Early colonialization certainly showed how the church had formed an unholy union with empire-building. A soul-shaming moment: the colonizers would read a warning in their language to the natives that if they didn’t become Christians then the trespassers could “do you all the mischief and damage that we can.”
Obviously, the language barrier shuttered understanding. Wytsma asks, “Can you dream of a more ghastly or horribly ironic way for Christians to greet strangers in the name of Christ?”
I could not.
Wytsma lifts the history of ideas lens to examine 20th century revival practices and language that may limit our understanding of the Christian life. “…over time, many evangelicals created a shorthand version of the gospel that focuses on Jesus’ death on the cross, the forgiveness of our sins, and the salvation of our souls.” Wytsma worries over the subtext that this abbreviated message may send: Justice is a great work, if you’re interested, but all is complete in your choice to let Jesus in your heart.
Wytsma returns us to the prophets who advocated justice—the quality of life for others—and reminds us that Jesus, in his day, was social as well as religious dynamite.
Later, he offers this: “Like Aslan coming into Narnia, with winter melting away and the flowers of spring appearing underfoot, it is an inextricable part of the person, nature, and work of Jesus that the good news includes real change—both spiritually and materially.”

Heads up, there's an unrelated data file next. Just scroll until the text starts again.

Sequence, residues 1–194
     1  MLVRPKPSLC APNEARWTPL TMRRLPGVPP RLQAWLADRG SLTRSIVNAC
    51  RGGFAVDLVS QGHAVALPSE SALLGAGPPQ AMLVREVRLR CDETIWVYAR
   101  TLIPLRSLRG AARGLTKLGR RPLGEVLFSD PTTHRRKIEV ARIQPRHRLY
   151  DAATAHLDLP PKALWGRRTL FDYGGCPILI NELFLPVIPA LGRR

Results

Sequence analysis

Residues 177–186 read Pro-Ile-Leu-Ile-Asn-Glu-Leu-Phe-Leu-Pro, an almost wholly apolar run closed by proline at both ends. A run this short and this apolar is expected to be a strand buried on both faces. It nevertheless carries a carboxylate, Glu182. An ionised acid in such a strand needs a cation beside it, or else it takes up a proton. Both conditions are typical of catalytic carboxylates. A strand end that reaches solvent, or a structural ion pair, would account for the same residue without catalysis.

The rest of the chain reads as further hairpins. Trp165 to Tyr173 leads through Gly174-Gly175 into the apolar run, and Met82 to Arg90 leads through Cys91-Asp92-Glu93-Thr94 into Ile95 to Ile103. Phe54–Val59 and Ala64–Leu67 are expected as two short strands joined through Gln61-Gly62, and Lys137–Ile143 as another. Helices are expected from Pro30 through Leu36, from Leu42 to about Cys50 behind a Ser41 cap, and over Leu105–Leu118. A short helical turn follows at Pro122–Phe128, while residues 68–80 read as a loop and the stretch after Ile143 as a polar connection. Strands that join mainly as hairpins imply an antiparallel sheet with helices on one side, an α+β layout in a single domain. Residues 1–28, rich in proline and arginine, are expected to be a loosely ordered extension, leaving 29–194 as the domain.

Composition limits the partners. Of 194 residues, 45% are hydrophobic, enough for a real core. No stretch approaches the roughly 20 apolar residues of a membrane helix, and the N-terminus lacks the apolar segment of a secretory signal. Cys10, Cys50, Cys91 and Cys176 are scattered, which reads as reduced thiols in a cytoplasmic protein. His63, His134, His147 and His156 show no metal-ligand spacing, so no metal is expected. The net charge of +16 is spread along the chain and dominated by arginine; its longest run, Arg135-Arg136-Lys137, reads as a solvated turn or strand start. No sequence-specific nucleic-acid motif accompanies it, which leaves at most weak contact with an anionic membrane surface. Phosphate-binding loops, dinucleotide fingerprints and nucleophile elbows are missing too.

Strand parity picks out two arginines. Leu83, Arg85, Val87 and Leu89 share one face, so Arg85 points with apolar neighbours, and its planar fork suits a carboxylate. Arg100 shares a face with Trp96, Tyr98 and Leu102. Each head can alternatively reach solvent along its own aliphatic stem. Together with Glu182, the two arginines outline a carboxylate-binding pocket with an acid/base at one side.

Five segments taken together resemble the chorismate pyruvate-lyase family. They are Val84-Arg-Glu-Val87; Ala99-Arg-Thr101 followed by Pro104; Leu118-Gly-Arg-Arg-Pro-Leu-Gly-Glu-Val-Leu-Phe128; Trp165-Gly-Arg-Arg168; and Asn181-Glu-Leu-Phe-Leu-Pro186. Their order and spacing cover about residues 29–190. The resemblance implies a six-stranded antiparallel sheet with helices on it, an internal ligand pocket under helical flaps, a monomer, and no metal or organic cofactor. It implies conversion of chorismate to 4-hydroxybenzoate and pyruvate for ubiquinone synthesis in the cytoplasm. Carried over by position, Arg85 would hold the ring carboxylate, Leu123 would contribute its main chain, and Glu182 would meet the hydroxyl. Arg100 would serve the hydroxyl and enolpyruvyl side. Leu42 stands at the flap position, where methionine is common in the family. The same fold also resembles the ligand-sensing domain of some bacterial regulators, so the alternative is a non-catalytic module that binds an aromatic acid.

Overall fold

It’s a careful case he makes, not strident. I suspect his target audience is white people like me who are fairly blind to this system since this system has worked for us.
And Wytsma doesn’t leave the reader floundering in “Well, what can I do about racism or privilege?” He challenges white readers to divert energy from defensiveness to exploration. Listen, he urges. Lament. Confess, too. And perhaps the most challenging: “Lay down privilege.”
After all, Wytsma asserts, “Perpetuating a system we inherit is the same as creating the system anew for those who come after us.”
This puzzle picture of a book let me see, and in seeing, I am moved to act. I must.
Cynthia Beach is a long-time writing professor at Cornerstone University, whose latest contributions appear in Hope in the Mourning Bible (Zondervan) and The Horse of My Heart (Revell). She co-founded the two-day Breathe Christian Writers Conference. Currently she’s marketing her novel, The Seduction of Pastor Goodman.